Some things I thought I was gonna do didn't happen, others fell into place in a vague way. A bit of a window opened for take off Sat morning and the radar looked mostly not good. A single line of storms on sw to ne diagonal was looking to cross the driftless and so I figured I'd gamble on coulee hopping keeping an eye on the thunder heads and headed off for a June fish on the spring creeks. In the car at 11AM had me on the first stream at 2:30PM. I figured I'd play to hit the headwaters and watch the radar on the phone and jump the ridges looking for clear water to try to avoid being struck by lightning.
I knew that there was some H.I. bank work happening on the first spot on a largish drainage south of the sconny river, but apparently dropped in right at the top of the work. This is what spring creek bank restoration looks like when it is just a couple of weeks old.
This spot used to look very different.
Although very natural looking, in 2005 when this pic was taken it had had extensive brushing the previous season, including placing that log. The new bank work looks pretty raw. I could always get a brook trout or two from this spot - and apparently still could.
This is a brown from the next pool upstream.
Tucked into the bank and waited out the rain from an isolated thunderhead. The lightning wasn't too close.
15 minutes later 90 degrees and 100% humidity on cold spring water.
Another nicer brook trout amongst many.
Here's my June submission for the Calendar fundraiser. This is bank work that is one year old.
Another thunderhead rolled in from the south and I followed it up and over the sconny river to fish a different stream. Stopped to set up the tent, at the highest point on a little county campground, next to a dandy spring and hopped a ridge to another stream.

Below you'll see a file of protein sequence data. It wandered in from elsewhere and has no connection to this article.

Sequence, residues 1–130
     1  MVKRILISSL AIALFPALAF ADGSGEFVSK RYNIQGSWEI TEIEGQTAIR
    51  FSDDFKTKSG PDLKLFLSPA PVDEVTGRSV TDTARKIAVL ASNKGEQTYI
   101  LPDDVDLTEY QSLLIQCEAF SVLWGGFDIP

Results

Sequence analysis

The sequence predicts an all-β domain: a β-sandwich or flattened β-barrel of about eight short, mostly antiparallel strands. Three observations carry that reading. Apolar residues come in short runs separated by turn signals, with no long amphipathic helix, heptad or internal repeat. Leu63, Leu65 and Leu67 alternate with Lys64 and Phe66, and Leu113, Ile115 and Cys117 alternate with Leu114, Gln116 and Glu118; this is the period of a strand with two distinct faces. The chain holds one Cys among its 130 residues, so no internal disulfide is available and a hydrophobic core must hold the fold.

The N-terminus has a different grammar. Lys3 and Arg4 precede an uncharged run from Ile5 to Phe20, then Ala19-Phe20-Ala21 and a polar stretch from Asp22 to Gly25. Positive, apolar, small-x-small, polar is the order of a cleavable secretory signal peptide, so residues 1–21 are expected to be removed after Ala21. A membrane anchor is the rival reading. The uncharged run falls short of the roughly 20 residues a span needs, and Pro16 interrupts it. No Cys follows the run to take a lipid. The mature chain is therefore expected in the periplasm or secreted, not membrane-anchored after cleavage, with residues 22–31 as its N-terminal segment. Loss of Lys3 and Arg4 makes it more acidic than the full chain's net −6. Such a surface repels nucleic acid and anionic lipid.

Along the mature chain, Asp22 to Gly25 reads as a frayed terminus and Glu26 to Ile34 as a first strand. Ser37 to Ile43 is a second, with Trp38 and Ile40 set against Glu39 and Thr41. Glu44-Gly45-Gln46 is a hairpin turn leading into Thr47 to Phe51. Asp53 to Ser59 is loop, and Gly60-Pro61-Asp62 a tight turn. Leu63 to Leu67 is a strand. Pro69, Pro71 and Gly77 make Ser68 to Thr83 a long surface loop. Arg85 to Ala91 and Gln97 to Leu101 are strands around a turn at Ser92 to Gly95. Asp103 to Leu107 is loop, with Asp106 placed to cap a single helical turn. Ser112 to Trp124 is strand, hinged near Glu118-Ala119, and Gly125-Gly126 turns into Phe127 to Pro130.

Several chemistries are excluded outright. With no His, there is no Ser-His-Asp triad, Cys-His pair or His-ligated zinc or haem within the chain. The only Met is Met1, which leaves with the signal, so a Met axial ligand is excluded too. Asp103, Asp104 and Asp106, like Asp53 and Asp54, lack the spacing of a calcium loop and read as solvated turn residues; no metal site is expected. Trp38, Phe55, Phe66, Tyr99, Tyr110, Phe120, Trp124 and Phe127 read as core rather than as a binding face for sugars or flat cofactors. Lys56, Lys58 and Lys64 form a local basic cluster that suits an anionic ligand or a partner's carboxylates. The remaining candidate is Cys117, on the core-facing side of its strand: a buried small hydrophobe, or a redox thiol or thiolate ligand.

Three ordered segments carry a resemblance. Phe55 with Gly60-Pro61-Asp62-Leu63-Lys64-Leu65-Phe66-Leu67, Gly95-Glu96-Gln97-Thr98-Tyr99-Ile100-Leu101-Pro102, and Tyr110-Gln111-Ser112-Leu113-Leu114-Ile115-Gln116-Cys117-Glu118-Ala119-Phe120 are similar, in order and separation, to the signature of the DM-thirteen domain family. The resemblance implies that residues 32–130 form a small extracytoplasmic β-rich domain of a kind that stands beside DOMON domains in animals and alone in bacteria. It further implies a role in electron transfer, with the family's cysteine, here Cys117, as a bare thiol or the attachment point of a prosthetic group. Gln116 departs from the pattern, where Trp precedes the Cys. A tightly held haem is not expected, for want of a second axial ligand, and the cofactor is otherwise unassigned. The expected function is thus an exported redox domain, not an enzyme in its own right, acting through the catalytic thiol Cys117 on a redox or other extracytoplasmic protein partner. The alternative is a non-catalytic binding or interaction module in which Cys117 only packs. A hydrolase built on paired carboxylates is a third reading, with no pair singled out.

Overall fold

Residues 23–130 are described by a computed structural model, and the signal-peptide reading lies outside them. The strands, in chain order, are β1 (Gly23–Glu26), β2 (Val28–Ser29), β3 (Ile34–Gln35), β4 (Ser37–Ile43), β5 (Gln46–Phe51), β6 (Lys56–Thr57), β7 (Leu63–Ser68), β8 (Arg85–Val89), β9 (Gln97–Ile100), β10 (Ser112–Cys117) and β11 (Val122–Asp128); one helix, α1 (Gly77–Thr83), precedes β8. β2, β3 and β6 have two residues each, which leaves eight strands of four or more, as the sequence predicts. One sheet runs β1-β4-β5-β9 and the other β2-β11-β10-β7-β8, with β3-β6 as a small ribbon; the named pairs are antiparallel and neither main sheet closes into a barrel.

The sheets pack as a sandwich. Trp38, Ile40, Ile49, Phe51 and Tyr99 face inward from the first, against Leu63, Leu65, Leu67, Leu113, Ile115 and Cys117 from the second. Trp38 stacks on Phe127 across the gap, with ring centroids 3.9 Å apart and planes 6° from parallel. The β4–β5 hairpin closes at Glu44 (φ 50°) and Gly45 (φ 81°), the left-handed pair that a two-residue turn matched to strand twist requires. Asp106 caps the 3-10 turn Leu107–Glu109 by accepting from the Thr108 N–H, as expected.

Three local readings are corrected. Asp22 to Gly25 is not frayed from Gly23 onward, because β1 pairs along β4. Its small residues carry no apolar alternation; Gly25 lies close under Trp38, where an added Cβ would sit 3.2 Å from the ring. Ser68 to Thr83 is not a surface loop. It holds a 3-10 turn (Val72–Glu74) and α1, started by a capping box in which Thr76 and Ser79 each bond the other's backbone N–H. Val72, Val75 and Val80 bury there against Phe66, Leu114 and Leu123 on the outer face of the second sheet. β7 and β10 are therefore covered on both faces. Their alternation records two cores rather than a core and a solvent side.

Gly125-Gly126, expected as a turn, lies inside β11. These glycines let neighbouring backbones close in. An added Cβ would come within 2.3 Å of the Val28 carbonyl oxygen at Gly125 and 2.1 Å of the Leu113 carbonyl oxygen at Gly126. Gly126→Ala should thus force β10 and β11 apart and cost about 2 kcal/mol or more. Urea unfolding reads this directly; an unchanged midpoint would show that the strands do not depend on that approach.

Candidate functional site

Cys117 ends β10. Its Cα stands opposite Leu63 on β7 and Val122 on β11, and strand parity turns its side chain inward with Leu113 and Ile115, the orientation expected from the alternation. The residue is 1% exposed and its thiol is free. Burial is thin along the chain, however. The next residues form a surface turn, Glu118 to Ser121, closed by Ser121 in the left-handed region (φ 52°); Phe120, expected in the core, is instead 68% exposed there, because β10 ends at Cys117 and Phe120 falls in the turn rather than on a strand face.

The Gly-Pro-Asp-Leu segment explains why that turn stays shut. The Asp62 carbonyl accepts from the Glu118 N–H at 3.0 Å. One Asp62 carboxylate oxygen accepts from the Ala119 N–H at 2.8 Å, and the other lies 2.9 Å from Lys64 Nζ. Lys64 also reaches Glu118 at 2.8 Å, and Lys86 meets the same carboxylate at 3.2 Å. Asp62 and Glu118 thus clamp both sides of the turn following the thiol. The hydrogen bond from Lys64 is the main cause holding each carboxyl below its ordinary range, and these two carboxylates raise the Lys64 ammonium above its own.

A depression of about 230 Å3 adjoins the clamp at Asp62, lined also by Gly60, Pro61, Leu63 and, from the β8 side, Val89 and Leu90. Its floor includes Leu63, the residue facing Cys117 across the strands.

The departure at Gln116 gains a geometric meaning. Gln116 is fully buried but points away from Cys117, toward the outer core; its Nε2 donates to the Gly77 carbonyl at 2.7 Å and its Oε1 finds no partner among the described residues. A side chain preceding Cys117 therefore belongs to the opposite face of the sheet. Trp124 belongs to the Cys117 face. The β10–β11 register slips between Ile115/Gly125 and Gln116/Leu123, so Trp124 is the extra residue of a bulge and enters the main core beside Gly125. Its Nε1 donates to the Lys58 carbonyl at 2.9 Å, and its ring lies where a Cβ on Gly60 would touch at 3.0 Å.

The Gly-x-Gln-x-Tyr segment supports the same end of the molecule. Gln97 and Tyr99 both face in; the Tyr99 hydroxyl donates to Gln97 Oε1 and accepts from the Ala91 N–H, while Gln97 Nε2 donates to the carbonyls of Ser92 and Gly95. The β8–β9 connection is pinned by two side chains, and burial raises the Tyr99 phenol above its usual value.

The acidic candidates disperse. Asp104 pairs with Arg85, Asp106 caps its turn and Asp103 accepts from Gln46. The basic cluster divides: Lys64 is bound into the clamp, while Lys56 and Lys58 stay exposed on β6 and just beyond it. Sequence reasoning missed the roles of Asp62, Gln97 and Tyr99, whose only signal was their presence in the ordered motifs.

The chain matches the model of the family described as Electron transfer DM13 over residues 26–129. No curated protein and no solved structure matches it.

There was fish.
A little after 7PM the steady wind from the south stopped, and it was all perfectly still, and hot, sticky, and the sulfers started popping off the surface, and a cloud wall came bearing down the valley at about 50 miles an hour - from the north. After all this regular summer storms from the south - this had bad news written all over it. I didn't make it back to the car before the driving rain hit.
I made it back to the tent, had a couple of cheese snadwiches and drank the majority of the pilsner 6-pack and settled in with the lightning overhead and the first glo bugs of the season blinking down below and rain pounding on the tent.
Sometime in the night, I heard something a little different than the steady rain. Went down with the flash light and the creek had backed all the way into the spring head. It was topping the bridge and going over a few inches. I moved the car to higher ground and went back and figured I'd wait it out - went back to sleep in the tent. At dawn the rain had stopped and the river dropped down under the bridge. I tossed the wet gear in the back and took off driving in a non-stop hard rain all the way back to the state border.
The briefly back under the bridge river.
This is usually about 18 inches deep here and crystal clear, about 9/10 feet deep.
The sand on top of the bridge from the night's flash flood.
It rained six more inches that day after I left.